A former Lakewood police officer admitted he stole more than $150,000 from a fund for slain officers' children — and another $47,000 from the police union where he was treasurer.
A former Lakewood police officer pleaded guilty Friday to embezzling more than $150,000 from a fund for the children of four officers killed in November 2009.
Skeeter Timothy Manos, 35, also admitted to stealing more than $47,000 from the Lakewood Police Independent Guild (LPIG) when he was treasurer of the union, beginning in May 2009 and lasting into 2011, according to a plea agreement.
Manos was fired in February after the Lakewood Police Department learned of the allegations and conducted its own investigation.
Three Lakewood police officers attended Friday’s change-of-plea hearing in U.S. District Court in Tacoma, said Sgt. John Unfred, treasurer of the Lakewood Officers Charity, which collected money for the fund.
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The revelation Manos also had stolen from the officers’ union was “a one-two punch,” Unfred said.
“I wanted him to see us, that we are watching this whole process, that we are seeking justice,” Unfred said. “He did steal money from us, and I wanted him to see that face to face.”
But Manos, he said, barely glanced at them.
The officers’ fund was created after Maurice Clemmons fatally shot police Sgt. Mark Renninger and officers Ronald Owens, Tina Griswold and Gregory Richards as they sat in a coffee shop in Parkland on Nov. 29, 2009. Clemmons was killed by a Seattle police officer two days later.
Members of the officers’ families were also in court, Unfred said.
Two months after the officers were killed, Manos started skimming donations meant for the fund benefiting their children, he admitted in the plea agreement. Manos spent the money at Home Depot, REI and Costco, as well as a trip to Las Vegas, and withdrew tens of thousands of dollars from ATMs, according to federal prosecutors.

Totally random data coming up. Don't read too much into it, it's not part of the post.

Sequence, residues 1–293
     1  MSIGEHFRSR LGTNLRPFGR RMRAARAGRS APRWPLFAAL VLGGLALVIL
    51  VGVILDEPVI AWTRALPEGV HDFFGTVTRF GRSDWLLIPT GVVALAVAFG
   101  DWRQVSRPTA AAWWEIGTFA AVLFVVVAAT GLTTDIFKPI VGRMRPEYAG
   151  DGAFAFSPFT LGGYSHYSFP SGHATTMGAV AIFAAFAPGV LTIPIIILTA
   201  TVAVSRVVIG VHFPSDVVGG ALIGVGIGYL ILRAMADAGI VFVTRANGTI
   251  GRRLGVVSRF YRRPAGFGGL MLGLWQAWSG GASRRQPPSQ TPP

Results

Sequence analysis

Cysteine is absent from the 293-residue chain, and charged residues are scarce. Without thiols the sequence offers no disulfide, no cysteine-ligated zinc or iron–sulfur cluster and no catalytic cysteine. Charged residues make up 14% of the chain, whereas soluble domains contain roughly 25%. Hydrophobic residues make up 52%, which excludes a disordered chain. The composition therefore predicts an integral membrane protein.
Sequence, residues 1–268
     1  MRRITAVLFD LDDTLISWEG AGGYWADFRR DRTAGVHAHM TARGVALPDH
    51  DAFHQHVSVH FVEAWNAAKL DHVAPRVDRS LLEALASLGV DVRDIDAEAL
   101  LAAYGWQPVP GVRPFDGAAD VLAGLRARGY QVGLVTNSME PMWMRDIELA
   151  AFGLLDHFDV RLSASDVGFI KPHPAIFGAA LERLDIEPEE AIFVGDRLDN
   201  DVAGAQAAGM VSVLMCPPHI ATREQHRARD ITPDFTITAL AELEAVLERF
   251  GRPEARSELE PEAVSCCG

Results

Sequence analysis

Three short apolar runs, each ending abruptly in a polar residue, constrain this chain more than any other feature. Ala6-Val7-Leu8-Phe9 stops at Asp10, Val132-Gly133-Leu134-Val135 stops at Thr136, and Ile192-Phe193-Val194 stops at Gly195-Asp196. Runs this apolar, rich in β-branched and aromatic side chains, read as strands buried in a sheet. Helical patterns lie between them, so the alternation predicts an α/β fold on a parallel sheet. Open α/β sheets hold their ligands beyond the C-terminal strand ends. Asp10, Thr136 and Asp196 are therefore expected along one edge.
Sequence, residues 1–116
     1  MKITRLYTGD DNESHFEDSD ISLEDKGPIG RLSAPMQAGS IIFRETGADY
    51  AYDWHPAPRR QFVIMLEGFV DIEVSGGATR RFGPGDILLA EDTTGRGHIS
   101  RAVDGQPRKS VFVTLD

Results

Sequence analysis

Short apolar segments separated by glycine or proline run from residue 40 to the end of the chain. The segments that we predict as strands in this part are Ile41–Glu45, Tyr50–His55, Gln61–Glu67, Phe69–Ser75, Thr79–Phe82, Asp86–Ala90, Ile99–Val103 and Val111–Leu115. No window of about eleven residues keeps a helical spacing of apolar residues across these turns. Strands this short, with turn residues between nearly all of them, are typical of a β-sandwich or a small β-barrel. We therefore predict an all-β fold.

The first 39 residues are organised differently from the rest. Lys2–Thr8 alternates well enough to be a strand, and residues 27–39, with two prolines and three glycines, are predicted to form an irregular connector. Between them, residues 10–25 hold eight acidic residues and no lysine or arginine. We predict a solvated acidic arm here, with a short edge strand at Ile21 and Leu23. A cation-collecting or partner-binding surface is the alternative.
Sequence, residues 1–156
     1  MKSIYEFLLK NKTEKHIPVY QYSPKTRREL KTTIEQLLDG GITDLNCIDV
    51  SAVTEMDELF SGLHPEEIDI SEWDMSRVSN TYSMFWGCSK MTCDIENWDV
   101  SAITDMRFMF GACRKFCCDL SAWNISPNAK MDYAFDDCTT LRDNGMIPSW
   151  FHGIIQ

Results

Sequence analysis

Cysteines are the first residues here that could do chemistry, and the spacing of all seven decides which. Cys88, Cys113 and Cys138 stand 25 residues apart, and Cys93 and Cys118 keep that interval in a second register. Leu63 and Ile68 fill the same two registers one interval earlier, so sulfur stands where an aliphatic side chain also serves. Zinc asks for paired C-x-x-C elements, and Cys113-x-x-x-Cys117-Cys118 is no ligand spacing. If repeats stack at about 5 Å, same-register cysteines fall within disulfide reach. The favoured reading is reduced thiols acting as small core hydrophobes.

In total, Manos spent about $112,000 of the $150,000 he took from the slain officers’ fund over the course of a year, according to prosecutors.
Manos used the same tactic to embezzle money from the slain officers’ and union funds.
He created accounts that appeared to belong to the organizations. Manos told prosecutors he was the only one who withdrew money from the accounts, according to his plea agreement.
One of the accounts, which held the money intended for the slain officers’ fund, was also under the name of Brian Wurts, then head of LPIG. Manos told prosecutors Wurts didn’t know about the account.
Wurts is on paid administrative leave and resigned his LPIG position. He’s being investigated by the Police Department, “not necessarily related to the stolen money” but in connection with Manos, Lakewood police Chief Bret Farrar said.
A total of $3.2 million was collected on behalf of the slain officers, with about $300,000 of that placed in an account for families of future fallen officers.
Farrar said that despite Manos’ embezzlement, the slain officers’ children are being taken care of.
“The public was so generous, the money that got to where it was supposed to go was a sufficient amount to take care of their needs,” he said.
As part of his plea agreement, Manos has agreed to pay at least $112,000 to the Lakewood Officers Charity and $47,000 to LPIG.
Prosecutors will recommend a sentence of between 21 and 33 months in prison, according to the agreement, within the range of federal sentencing guidelines.
He’s scheduled to be sentenced June 15.
The recommended sentence was disappointing, Farrar said.
However, U.S. District Judge Robert Bryan, who’s overseeing the case, has final discretion in Manos’ case and could sentence him up to 20 years in prison.
“We’re glad justice is being done,” Unfred said. “As heinous as this crime is, I don’t think any amount of jail time is sufficient.”
Lark Turner: 206-464-2761 or email@example.com. On Twitter @larkreports